Elizabeth Boorman May 7, 2014
Who are the “heroes of tomorrow”? In Flanders, the Helden van Later competition asked young people to theorize a better world by thinking of creative solutions to modern day social problems. The 582 entries were reviewed by a panel, which consisted of 14 politicians, 10 experts and 8 youth and they chose three winners: Hanne, Lora and Natallia.
To make these busts, each girl was scanned, and using our 3D printing software, Magics, the scans were turned into 3D models that could then go to 3D Printing. Using mammoth stereolithography, the busts came to life to be a real life 3D structure.
The stereolithography busts were sanded down and to finish the busts, Tom Rubens from the production team used a “cold metal spray”. What he did was combine a metal mix called “gunpowder” with polymer and apply it on top of the stereolithography to give a metal finish. Once the verometal mix was dry, Tom then worked on sanding the busts down so that they would have a nice smooth finish.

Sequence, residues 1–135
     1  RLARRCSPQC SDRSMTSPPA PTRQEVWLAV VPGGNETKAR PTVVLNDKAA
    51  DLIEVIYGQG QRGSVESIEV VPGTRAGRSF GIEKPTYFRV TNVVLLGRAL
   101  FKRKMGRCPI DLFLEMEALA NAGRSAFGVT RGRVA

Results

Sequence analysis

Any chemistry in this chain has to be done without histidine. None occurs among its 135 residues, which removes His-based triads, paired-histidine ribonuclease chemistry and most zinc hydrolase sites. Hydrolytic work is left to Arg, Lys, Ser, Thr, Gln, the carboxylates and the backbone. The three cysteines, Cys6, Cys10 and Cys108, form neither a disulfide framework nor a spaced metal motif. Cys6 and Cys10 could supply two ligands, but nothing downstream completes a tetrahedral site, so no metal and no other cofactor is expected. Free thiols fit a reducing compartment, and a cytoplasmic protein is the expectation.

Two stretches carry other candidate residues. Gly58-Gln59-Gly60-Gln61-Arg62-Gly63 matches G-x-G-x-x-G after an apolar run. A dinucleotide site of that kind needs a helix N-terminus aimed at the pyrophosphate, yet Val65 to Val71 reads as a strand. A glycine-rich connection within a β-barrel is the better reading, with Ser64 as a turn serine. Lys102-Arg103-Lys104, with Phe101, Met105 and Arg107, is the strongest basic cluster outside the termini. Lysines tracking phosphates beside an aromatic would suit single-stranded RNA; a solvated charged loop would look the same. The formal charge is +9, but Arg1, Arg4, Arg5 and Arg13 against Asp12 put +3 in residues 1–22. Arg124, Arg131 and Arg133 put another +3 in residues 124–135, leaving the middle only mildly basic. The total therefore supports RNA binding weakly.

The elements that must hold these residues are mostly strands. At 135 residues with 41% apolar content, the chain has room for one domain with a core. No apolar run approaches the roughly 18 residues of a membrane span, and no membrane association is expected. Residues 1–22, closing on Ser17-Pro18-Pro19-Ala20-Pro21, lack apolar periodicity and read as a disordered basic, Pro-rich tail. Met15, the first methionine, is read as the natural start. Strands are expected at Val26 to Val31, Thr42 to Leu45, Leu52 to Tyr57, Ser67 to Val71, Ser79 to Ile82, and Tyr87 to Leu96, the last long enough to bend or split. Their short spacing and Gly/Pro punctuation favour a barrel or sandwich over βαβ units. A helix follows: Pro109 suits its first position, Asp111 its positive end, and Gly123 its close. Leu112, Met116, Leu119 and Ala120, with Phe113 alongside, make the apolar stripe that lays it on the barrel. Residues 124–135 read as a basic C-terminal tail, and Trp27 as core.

On April 30th, these winners were honored in a ceremony at the Flemish Parliament where the 3D-printed busts were unveiled. The busts will remain on display at the Flemish Parliament for a short period of time before they can take them home.
The girls were thrilled to receive these 3D portraits of themselves.
When the organizer of the Helden van Later, Hannes Jossart, was faced with the question, “How does one reward the three ultimate heroes of tomorrow?”, he decided to do what so many before him have done to honor heroes: that is, to create a timeless sculpture of them. But using traditional sculpture techniques did not fit with the mood of the competition, which was focused on creativity and innovation. So when it came to making the sculpture he decided to use 3D Printing and came to none other than Materialise.
|Bust of Hanne. Hanne’s idea is to create an online platform for neighborhoods where people can ask questions to each other to increase interaction between them. For example, years ago people used to go to their neighbor to borrow a cup of sugar. With the web platform she envisions, people could ask on the platform for some sugar and if a neighbor has some, they can come and get it. She finds that social media should be used so that “we support the current society joyful living together” and encourage genuine, spontaneous contact.|